Mark Linett: Oh yeah. There are a lot of things like that. On "Help Me Rhonda" - the alternate version on Endless Harmony - you get a pretty good sense of how these things could be redone and changed. What is it, there's a piano part, a solo part, and a bass part all being done as it's being mixed. Y'know it saved you a generation and the trouble of doing it. So if all Brian's gonna add is a doubled vocal - you've got a three track and no open track and you've got to double the vocal why not just sing as it's being mixed? You're gonna perform it anyway. It's not like today where you'd punch it in, and you might punch it in line by line. You're just gonna sing it so youšve only got 4 tracks including the new vocal so - combine it, sing it, mix it, done. It is a strange quirk of fate that we even have the ability to do "Caroline No" with a doubled vocal in stereo because of what I assume was a mispatch, where instead of a mix getting onto the mono tape, just the two vocals got on there for one pass. If it weren't for that, we'd be stuck - like on "You Still Believe In Me" - with just having one vocal. The out takes for that were probably tossed in 1966. And that "Caroline No" tape survived, of course, because there's nothing on that 1/4 inch mono tape that anybody wants - the mono master of "Caroline No" was removed ages ago. Well, I might have to look, that might be the tape that was played with the wrap added to speed it up. I'd have to look to tell you. It's interesting about Pet Sounds, in those days, nobody was very good about saving their multi-track tapes because basically what you finished with was what mattered. And nobody worried about it. You copied from one tape to another, you copied as you mixed, all these things. So once you were done, you were done. So an awful lot of Beach Boys masters have gone missing over the years. Ironically, Pet Sounds is one of the few albums - there are a few others - one of the few albums and certainly the only one from that period where more than 99% of the original recordings are still there. I think there's only one tracking date that doesn't exist, and then those couple of things that were rerecorded, that Brian chose to use earlier pieces of mixes. So it's a strange irony that of all of them, that that stuff has survived. Which makes all this possible - the Sessions Box, the stereo mix, the 5.1 mix. And we're just looking to the future, hopefully we'll get Surf's Up out before too long, we have to get back to that. The artwork is the hangup, we haven't started looking at what the screens are gonna be and all that. But that's probably good because I suspect in the end we'll get a few more things on there as bonus tracks because we have the time to think about it. Wešve got a few more things in mind.
Question: Do you get involved in designing the discs?
Mark Linett: Well only indirectly, in terms of approving it, yeah. Trying to hire the right people and then looking at it. I mean in the end on Pet Sounds, Alan Boyd and I wound up finding most of the pictures and selecting which ones went where. The graphics company did it once and we had to go back and say "That should be a picture of Carl, not a picture of Al..." just trying to make the pictures fit the package. And then Brian and Melinda would give their final approval. You really have to see the whole thing, it's an enormous amount of material. I mean you've got the three different mixes in four different formats, and then all these onscreen graphics and pictures and lyrics and session details - it's encyclopedic really.
Question: It must be quite a different job of mixing, isn't it?
Mark Linett: Oh yeah. 5.1 in general is quite different. I don't think as engineers and producers we've all entirely settled on just what it is exactly. (laughs) The point is we've been creating music in mono and stereo - which are a lot more compatible than either is with 5.1 - for a long time. And even in a perfomance kind of record, a live record, 5.1 while it presents the opportunity to be somewhat more lifelike - we can imitate what happens in a real environment - it's not exactly that. Having a couple of speakers behind you isn't really the same experience of what we hear all around us. So I think to a certain extent, to really get the benefit of 5.1 people are going to have to start creating music with surround in mind as opposed creating a stereo record and then put it in 5.1. But that's kind of how it was with stereo too.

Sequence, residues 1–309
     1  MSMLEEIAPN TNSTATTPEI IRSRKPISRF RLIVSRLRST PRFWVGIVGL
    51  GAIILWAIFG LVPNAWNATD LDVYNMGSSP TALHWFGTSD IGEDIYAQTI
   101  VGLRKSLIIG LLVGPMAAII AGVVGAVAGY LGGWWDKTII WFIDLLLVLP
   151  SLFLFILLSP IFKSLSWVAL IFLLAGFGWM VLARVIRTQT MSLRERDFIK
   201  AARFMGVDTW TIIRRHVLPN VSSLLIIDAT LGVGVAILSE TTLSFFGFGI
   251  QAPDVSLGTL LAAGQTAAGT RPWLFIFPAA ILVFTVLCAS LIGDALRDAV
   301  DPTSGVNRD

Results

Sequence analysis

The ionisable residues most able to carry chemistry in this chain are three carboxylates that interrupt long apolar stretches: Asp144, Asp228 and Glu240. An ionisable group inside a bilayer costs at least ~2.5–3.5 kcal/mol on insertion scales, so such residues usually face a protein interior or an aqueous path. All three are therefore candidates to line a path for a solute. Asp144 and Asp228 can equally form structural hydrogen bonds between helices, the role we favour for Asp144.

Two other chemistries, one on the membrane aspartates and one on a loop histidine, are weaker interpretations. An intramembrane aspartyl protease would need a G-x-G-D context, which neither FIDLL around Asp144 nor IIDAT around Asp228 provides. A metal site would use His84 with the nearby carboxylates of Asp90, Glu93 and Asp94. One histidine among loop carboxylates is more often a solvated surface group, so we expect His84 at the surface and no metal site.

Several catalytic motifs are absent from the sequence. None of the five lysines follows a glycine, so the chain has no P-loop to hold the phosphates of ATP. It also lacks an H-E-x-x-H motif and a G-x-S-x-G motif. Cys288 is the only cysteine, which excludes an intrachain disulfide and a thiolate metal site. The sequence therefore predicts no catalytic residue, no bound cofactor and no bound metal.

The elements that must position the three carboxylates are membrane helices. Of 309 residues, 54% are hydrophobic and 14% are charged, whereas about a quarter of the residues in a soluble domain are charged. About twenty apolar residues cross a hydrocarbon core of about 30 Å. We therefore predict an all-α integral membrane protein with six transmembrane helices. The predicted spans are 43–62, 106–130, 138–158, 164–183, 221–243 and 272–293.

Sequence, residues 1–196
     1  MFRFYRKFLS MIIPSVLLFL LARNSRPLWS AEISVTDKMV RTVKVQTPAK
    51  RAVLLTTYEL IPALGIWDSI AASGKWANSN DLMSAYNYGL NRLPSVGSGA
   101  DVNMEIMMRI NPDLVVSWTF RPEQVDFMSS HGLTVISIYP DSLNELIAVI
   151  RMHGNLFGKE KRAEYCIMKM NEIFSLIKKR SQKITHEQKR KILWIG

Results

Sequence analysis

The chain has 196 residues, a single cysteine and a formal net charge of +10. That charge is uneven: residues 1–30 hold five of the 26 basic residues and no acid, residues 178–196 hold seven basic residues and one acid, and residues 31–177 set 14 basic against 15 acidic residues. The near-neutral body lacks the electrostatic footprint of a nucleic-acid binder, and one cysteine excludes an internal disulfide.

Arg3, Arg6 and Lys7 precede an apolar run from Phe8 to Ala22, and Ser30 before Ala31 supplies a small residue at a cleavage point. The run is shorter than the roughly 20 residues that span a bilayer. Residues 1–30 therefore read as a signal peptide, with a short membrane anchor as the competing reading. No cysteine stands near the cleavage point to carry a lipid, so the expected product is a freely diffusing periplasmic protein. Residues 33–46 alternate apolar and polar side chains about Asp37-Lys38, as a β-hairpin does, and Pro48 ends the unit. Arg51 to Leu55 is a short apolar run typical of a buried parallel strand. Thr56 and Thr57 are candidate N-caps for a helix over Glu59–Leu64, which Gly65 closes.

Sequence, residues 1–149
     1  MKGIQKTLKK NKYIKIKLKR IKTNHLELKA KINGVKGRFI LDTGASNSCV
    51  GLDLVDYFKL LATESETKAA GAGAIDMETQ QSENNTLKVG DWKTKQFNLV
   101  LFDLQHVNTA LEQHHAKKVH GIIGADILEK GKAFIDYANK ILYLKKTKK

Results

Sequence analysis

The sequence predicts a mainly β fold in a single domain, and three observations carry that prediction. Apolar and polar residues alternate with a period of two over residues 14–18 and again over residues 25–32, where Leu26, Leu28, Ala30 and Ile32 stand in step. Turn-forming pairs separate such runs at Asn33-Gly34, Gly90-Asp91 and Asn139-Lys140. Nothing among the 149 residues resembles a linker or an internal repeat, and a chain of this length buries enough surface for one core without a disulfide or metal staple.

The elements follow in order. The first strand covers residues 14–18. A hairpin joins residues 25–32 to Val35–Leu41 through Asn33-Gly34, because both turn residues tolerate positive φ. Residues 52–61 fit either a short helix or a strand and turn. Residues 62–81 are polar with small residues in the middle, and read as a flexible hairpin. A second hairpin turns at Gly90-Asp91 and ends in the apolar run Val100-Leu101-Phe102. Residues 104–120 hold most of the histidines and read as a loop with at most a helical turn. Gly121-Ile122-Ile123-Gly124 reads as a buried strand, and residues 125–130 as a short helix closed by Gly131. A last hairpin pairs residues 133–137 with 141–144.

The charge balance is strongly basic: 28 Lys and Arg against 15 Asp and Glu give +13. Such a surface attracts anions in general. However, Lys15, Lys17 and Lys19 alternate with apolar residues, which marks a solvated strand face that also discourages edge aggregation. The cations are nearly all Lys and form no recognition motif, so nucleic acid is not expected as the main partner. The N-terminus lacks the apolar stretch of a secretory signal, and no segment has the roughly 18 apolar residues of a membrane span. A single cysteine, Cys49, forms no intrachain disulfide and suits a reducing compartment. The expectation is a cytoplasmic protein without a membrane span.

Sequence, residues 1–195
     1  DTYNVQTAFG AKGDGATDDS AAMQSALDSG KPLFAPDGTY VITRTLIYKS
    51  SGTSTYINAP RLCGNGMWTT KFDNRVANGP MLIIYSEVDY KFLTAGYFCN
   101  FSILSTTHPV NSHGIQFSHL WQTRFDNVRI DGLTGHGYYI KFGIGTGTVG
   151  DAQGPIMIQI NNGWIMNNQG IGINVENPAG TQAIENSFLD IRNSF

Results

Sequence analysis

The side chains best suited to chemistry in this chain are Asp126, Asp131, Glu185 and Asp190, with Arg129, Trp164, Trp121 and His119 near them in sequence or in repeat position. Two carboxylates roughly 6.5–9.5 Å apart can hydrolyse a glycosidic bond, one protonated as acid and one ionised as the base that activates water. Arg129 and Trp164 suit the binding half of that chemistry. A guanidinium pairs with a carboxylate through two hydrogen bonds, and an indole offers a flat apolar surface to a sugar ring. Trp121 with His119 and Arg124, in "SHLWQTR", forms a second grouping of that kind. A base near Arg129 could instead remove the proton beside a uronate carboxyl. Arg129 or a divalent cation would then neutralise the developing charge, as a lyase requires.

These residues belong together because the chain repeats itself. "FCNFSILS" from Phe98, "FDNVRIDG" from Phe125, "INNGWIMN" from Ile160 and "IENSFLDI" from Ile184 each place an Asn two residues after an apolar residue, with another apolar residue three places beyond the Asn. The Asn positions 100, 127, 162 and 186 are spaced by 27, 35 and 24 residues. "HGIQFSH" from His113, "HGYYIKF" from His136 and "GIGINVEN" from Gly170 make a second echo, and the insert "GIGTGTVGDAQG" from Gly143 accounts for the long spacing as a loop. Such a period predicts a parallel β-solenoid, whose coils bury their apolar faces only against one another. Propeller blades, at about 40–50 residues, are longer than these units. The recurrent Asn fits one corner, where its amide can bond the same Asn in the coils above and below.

Question: When you're recording this new album, do you think about that?
Mark Linett: No. No you really can't. Nobody really is yet except with some performance records. I know when we do live stuff now we make sure we've got extra ambient audience tracks and stuff so that if we're doing a 5.1 mix we can put something back there. I just finished Live At The Roxy in 5.1, and was fortunate to have that. There's other ways to do it, but I had extra audience track that I could use in the rear speakers. I'm real happy with it, we're gonna master that next week. Hopefully that will be out sometime in December.
Question: What's the difference in the number of tracks you're mixing between Pet Sounds and Surf's Up?
Mark Linett: Pet Sounds is 3, 4 and 8 track so you generally wind up with, at most, 10 or 11 tracks on half the album. The rest of it's just straight 4 track. So you might have 4 tracks or maybe up to 6 or something. By the time of Surf's Up itšs all 16 track. In most cases you wind up with more because what they tended to do was, if you had a guitar solo, the track wouldn't just be the guitar solo, it would have something else in other places. So what you do when you copy it all over to a digital workstation, you separate those things. So if the track contained a background vocal, a tambourine part, and a lead guitar in three different sections, you can separate those now and have them as if they were three different tracks. So I would say the average on Surf's Up might be more in the range of 16 to 24 tracks, or 20 tracks anyway. You have a lot more to work with. Drums are probably on 2 to 4 tracks, you have a bass track - and they were recorded that way, I mean the basic tracks might have had 2 or 3 instruments, but basically you're doing it in layers. Which is better for 5.1 because then you've got things you can put in different speakers. On Pet Sounds where I've got the rhythm track that's got one track with bass, drums, a couple of guitars and a keyboard, another track that's the horns, and a third track that's a few more keyboards and percussion. If I had that separated out I could put the keyboards in the front and the percussion in the rear - but I can't do that. Because I don't have it. Now, I'm not sure I would do that with Pet Sounds because I don't think it would be terribly appropriate to the music, but there you have it.
The above article is from OPEN SKY issue #6, used with kind permission by the editor Chris Allen. To find out more about this fab magazine and to get a copy of the whole issue, visit